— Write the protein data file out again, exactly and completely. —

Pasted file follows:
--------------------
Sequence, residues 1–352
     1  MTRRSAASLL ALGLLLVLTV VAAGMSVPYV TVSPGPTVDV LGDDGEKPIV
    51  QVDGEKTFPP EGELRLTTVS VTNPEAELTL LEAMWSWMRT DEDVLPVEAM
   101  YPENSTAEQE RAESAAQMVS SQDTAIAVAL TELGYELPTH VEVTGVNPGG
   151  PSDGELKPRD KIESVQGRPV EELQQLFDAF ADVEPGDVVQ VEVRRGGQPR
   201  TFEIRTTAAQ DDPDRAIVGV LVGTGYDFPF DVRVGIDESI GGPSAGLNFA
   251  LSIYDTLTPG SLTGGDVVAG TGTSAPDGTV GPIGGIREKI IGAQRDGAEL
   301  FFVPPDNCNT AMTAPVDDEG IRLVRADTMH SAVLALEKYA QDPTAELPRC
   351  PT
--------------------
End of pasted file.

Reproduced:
Sequence, residues 1–352
     1  MTRRSAASLL ALGLLLVLTV VAAGMSVPYV TVSPGPTVDV LGDDGEKPIV
    51  QVDGEKTFPP EGELRLTTVS VTNPEAELTL LEAMWSWMRT DEDVLPVEAM
   101  YPENSTAEQE RAESAAQMVS SQDTAIAVAL TELGYELPTH VEVTGVNPGG
   151  PSDGELKPRD KIESVQGRPV EELQQLFDAF ADVEPGDVVQ VEVRRGGQPR
   201  TFEIRTTAAQ DDPDRAIVGV LVGTGYDFPF DVRVGIDESI GGPSAGLNFA
   251  LSIYDTLTPG SLTGGDVVAG TGTSAPDGTV GPIGGIREKI IGAQRDGAEL
   301  FFVPPDNCNT AMTAPVDDEG IRLVRADTMH SAVLALEKYA QDPTAELPRC
   351  PT